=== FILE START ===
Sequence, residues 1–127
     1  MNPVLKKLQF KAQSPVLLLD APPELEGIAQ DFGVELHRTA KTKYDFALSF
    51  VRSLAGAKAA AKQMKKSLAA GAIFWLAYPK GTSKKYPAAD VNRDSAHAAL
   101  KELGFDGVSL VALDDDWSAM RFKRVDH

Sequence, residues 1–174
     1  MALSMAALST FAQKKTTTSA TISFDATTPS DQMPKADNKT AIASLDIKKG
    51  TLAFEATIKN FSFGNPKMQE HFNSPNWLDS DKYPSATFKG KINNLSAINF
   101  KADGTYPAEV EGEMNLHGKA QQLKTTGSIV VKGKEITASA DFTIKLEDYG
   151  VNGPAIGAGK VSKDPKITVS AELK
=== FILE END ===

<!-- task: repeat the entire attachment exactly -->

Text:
Sequence, residues 1–127
     1  MNPVLKKLQF KAQSPVLLLD APPELEGIAQ DFGVELHRTA KTKYDFALSF
    51  VRSLAGAKAA AKQMKKSLAA GAIFWLAYPK GTSKKYPAAD VNRDSAHAAL
   101  KELGFDGVSL VALDDDWSAM RFKRVDH

Sequence, residues 1–174
     1  MALSMAALST FAQKKTTTSA TISFDATTPS DQMPKADNKT AIASLDIKKG
    51  TLAFEATIKN FSFGNPKMQE HFNSPNWLDS DKYPSATFKG KINNLSAINF
   101  KADGTYPAEV EGEMNLHGKA QQLKTTGSIV VKGKEITASA DFTIKLEDYG
   151  VNGPAIGAGK VSKDPKITVS AELK